By Ronald C. Minkoff [Originally published in NYPRR January 2003]
Those of us who practice the law of lawyering know that applying the Model Rules or the New York Code of Professional Responsibility (N.Y. Code) to the settlement process is often confounding and unsatisfactory. With rare exceptions, such as the “no contact” rule of Model Rule 4.2 and DR 7-104 of the New York Code, existing ethical codes do not specifically address the settlement process at all. In fact, rules such as the prohibition in Model Rule 8.4(c) against “dishonesty, fraud, deceit and misrepresentation” fit uneasily with the bluff and parry common to serious settlement talks.
As a result, the settlement process has left us with some of the more fascinating (and seemingly unanswerable) dilemmas of professional responsibility law: Can you withdraw if your client refuses a reasonable settlement offer? How should you respond when you know your adversary is settling when she and her client are unaware of certain material facts which might affect her decision, or of a drafting error in the settlement documents? Can a settlement be conditioned on an agreement not to report attorney misconduct, or on a lawyer’s commitment not to represent certain groups of clients in the future?
A document released by the ABA Section on Litigation in August 2002, Ethical Guidelines for Settlement Negotiation (Guidelines), addresses these and many other difficult issues. The product of three years of work by a committee of judges, practicing attorneys and academics throughout the country, the 58-page Guidelines, do not purport to create new ethics rules, but to summarize existing standards and serve “as a resource… to facilitate and promote ethical conduct in settlement negotiations.”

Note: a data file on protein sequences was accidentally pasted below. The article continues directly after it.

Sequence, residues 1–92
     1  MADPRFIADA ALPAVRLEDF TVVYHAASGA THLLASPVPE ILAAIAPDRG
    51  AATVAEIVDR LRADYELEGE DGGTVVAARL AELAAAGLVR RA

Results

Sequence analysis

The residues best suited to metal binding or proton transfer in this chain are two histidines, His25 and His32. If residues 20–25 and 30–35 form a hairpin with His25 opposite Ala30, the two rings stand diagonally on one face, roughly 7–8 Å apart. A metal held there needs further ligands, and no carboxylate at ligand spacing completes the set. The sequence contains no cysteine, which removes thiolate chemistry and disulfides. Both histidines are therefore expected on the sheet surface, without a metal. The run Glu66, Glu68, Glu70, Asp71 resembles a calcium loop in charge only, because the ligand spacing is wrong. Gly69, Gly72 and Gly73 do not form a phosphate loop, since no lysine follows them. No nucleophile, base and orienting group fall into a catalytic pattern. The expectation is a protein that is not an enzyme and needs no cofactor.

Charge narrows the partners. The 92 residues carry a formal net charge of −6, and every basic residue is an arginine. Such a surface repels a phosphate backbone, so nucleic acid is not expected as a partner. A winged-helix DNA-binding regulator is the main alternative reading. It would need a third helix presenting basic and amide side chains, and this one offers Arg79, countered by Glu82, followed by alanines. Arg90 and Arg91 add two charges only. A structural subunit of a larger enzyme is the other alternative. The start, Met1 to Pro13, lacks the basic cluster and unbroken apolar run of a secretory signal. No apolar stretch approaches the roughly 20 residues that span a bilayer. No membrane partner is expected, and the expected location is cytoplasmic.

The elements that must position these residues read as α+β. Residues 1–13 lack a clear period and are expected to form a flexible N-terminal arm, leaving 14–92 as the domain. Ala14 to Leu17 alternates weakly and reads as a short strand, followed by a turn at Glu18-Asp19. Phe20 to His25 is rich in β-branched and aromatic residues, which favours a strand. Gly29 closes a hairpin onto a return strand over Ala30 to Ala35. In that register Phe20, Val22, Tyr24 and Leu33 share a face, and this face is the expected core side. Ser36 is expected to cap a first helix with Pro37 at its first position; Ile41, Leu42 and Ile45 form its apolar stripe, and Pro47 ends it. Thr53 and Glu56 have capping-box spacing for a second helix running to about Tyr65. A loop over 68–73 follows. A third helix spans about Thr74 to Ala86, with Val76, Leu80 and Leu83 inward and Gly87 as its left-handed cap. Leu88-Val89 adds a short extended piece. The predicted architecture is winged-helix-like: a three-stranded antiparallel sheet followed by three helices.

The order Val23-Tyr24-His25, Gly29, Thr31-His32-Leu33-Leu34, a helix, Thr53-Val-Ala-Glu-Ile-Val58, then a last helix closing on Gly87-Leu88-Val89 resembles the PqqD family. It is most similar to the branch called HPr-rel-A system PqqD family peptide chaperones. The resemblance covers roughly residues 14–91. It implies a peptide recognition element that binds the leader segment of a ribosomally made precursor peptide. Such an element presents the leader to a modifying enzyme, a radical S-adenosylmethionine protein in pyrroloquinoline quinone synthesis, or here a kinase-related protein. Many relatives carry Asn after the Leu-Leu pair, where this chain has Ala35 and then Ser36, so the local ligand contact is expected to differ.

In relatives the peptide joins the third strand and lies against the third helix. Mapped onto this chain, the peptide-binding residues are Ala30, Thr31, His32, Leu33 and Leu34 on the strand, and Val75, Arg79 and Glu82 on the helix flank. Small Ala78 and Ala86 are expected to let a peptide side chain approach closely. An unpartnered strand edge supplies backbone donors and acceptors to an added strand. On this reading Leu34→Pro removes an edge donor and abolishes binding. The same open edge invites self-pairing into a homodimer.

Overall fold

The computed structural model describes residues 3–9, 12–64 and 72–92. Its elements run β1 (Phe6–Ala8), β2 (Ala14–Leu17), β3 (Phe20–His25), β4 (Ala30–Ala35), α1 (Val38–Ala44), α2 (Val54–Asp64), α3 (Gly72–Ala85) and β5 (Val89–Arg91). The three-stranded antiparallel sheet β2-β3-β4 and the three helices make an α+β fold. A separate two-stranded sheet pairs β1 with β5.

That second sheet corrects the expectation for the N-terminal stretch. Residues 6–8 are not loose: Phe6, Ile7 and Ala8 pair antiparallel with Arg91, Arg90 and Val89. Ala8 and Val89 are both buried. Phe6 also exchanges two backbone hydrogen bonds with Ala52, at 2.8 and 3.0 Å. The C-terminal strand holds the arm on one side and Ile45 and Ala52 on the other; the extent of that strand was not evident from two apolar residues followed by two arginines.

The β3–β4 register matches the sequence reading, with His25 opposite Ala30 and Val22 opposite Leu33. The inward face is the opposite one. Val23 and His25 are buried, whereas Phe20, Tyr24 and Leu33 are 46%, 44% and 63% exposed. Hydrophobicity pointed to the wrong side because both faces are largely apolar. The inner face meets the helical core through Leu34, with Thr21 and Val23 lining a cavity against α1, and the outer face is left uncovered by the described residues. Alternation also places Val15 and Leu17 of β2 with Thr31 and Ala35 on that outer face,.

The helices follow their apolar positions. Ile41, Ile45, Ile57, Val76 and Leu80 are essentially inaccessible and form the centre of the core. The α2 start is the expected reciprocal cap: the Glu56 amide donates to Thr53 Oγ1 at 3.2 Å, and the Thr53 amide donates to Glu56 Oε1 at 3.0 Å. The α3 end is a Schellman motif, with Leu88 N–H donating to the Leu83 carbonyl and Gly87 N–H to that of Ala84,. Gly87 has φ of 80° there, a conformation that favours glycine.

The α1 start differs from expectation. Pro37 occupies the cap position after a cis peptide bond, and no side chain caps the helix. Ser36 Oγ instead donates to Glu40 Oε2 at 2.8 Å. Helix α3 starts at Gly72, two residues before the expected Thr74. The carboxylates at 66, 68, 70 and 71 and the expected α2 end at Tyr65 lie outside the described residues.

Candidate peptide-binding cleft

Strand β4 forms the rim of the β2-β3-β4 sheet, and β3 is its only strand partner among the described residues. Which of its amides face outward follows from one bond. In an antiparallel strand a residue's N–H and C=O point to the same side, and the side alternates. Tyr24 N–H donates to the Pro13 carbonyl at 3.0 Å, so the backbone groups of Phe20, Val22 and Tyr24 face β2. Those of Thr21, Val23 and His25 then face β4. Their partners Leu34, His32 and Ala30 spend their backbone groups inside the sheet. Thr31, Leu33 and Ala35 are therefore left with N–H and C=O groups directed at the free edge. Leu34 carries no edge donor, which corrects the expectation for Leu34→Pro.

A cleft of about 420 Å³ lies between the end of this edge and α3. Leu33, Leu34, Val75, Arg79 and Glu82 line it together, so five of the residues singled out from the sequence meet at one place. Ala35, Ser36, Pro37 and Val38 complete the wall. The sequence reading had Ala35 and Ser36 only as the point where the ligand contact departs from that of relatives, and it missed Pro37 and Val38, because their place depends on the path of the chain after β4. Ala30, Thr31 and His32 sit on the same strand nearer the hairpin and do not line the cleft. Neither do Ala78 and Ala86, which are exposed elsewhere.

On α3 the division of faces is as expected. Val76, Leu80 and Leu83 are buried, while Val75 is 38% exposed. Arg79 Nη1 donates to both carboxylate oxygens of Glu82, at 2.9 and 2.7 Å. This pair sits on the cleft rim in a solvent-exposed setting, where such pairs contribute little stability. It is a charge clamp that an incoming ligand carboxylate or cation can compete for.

The Guidelines are divided into three main sections: “Settlement Negotiations Generally,” which addresses general issues of competence, fair dealing and public disclosure; “Issues Relating to Lawyers and Their Clients,” which focuses on decision-making authority in the settlement process when a lawyer represents ordinary clients, clients with diminished capacity, organizations, and insureds; and “Issues Relating to a Lawyer’s Negotiations with Opposing Parties,” which discusses misrepresentations, omissions and hard-ball tactics during settlement talks, as well as the propriety of certain restrictive provisions commonly included in settlement agreements. Each section is divided in turn into subsections setting forth general rules or principles, followed by detailed “Committee Notes.” These Notes attempt to apply general precepts found in the N.Y. Code and the Model Rules to specific settlement related issues. Often, and most interestingly, the Notes discuss “best practices,” contrasting aspirational standards with the lowest common denominator minimums found in the rules and the case law.